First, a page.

Obviously if this school is having this issue, countless more are as well, and could use similar support. And as Akoto himself eloquently pointed out to NPR when his post first went viral, “They are lacking more than just equipment.”

But at least in this case there are a couple of hundred students who will be getting an opportunity they didn’t have before. That’s a start.

Airbnb makes service more accessible to people with disabilities

Airbnb has made some changes to its platform in order to make it easier for people with disabilities to find accommodations that suit their needs. The 21 new accessibility filters Airbnb has added enable people to find homes and apartments that have step-free entry to rooms, entryways wide enough to accommodate a wheelchair, elevators, roll-in showers with a chair and more.

Airbnb guests were previously able to search for wheelchair accessible listings, but that was it. In order to determine the appropriate filters, Airbnb worked with the California Council of the Blind, California Foundation for Independent Living Centers and the National Council on Independent Living.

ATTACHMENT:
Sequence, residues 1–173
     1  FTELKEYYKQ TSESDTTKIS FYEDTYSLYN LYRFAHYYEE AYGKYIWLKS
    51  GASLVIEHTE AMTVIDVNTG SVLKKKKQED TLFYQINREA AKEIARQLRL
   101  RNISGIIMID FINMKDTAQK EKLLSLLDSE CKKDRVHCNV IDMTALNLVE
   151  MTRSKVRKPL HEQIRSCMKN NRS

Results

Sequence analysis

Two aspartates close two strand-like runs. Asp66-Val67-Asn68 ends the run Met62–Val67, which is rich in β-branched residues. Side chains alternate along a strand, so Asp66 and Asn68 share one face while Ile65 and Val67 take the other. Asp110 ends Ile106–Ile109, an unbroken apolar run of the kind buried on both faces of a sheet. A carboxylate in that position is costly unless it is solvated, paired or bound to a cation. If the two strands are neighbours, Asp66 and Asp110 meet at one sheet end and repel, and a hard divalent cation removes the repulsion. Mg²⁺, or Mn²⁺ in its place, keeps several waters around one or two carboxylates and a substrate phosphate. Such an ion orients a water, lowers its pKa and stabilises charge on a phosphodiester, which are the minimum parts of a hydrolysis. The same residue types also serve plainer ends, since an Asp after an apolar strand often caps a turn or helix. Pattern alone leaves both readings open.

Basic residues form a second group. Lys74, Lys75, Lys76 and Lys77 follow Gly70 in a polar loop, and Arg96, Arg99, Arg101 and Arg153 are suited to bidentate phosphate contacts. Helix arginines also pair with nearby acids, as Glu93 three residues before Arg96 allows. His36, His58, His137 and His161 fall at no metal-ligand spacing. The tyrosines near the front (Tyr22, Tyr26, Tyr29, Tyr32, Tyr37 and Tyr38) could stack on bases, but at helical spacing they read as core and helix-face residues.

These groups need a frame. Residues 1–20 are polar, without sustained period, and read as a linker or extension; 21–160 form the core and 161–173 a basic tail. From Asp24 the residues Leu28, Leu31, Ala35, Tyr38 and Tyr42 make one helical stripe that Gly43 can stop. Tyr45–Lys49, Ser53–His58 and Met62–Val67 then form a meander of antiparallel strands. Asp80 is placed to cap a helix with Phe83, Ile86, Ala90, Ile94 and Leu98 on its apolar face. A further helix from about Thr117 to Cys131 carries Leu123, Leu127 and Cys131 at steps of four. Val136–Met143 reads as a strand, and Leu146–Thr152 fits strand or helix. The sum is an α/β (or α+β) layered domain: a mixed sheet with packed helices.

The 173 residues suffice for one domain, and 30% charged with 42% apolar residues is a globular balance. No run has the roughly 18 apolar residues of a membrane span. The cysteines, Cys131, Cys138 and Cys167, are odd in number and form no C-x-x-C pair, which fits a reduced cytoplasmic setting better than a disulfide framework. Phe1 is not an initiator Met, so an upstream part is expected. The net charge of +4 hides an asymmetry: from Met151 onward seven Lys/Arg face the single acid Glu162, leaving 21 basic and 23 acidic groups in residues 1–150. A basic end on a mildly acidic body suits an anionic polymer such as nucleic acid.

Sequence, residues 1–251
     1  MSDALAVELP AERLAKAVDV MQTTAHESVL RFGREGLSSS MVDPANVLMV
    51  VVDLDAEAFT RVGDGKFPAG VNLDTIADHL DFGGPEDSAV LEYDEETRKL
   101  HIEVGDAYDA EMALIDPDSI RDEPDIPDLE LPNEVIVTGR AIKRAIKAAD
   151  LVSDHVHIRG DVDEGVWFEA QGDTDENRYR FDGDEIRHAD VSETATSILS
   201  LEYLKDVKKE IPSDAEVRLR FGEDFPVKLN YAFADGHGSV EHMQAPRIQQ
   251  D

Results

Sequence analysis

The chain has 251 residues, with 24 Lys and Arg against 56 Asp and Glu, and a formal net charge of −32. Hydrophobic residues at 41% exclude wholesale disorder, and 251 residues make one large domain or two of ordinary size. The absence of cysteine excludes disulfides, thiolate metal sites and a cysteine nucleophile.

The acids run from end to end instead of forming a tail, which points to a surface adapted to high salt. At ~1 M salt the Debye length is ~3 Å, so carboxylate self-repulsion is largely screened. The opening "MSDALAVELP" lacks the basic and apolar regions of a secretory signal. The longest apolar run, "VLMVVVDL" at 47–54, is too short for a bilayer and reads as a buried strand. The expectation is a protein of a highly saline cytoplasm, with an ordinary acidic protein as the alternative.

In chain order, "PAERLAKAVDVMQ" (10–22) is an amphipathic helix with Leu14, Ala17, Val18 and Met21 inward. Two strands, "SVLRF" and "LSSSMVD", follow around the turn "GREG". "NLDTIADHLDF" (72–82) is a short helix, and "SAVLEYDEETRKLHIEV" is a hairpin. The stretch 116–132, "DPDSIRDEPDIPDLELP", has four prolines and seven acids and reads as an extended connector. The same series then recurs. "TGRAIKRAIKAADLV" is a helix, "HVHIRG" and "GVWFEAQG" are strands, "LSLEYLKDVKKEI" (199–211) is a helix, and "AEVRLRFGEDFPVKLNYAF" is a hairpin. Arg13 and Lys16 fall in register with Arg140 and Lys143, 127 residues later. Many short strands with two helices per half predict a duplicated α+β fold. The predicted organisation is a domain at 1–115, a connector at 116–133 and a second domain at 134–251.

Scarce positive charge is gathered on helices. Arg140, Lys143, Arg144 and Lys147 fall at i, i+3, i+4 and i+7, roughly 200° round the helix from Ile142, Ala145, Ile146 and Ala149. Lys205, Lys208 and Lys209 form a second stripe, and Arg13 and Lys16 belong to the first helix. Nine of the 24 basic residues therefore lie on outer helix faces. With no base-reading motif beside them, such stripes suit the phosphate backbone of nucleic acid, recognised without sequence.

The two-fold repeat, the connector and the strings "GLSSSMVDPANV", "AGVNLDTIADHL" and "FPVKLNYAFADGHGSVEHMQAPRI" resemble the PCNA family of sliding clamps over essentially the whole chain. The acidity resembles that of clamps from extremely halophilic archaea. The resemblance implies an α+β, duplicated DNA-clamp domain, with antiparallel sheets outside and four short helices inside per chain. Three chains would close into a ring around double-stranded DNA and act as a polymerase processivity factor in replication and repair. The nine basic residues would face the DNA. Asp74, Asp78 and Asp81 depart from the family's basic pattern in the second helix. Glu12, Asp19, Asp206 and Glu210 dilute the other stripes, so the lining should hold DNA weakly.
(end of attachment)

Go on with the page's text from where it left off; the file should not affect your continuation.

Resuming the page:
Airbnb’s willingness to be inclusive of people with disabilities comes in light of Lyft and Uber facing lawsuits over the lack of options available for people who use wheelchairs. Moving forward, Airbnb says it will work with its hosts and guests to ensure the filters are useful and accurate.

“The introduction of the new accessibility features and filters to all hosts and guests is just the first stage in our journey to improve accessibility at Airbnb,” Airbnb Accessibility Product and Program Manager Srin Madipalli said in a blog post. “We encourage everyone to use them and send through their feedback.”

Here’s why Spotify will go public via direct listing on April 3rd

Spotify explained why it’s ditching the traditional IPO for a direct listing on the NYSE on April 3rd today during its Investor Day presentation. With no lockup period and no intermediary bankers, Spotify thinks it can go public without all the typical shenanigans.

Spotify described the rationale for using a direct listing with five points:

  • List Without Selling Shares  – Spotify has plent of money with $1.3 billion in cash and securities, has no debt since it converted that into equity for investors, and has positive free cash flow